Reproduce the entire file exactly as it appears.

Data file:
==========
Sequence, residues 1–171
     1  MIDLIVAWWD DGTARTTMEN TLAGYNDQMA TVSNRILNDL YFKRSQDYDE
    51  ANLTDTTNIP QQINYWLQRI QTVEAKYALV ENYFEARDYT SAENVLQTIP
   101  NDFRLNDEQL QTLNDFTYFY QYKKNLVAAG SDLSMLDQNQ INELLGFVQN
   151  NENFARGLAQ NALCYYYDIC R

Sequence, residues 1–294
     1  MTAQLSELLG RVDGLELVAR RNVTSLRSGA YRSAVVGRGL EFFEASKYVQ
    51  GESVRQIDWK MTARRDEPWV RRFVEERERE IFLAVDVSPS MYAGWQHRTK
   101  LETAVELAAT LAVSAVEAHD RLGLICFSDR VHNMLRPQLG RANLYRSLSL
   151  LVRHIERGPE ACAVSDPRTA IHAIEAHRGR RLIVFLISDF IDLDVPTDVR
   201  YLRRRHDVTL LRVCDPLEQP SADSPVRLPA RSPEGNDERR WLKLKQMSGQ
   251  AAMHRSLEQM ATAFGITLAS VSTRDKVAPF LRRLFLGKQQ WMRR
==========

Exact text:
Sequence, residues 1–171
     1  MIDLIVAWWD DGTARTTMEN TLAGYNDQMA TVSNRILNDL YFKRSQDYDE
    51  ANLTDTTNIP QQINYWLQRI QTVEAKYALV ENYFEARDYT SAENVLQTIP
   101  NDFRLNDEQL QTLNDFTYFY QYKKNLVAAG SDLSMLDQNQ INELLGFVQN
   151  NENFARGLAQ NALCYYYDIC R

Sequence, residues 1–294
     1  MTAQLSELLG RVDGLELVAR RNVTSLRSGA YRSAVVGRGL EFFEASKYVQ
    51  GESVRQIDWK MTARRDEPWV RRFVEERERE IFLAVDVSPS MYAGWQHRTK
   101  LETAVELAAT LAVSAVEAHD RLGLICFSDR VHNMLRPQLG RANLYRSLSL
   151  LVRHIERGPE ACAVSDPRTA IHAIEAHRGR RLIVFLISDF IDLDVPTDVR
   201  YLRRRHDVTL LRVCDPLEQP SADSPVRLPA RSPEGNDERR WLKLKQMSGQ
   251  AAMHRSLEQM ATAFGITLAS VSTRDKVAPF LRRLFLGKQQ WMRR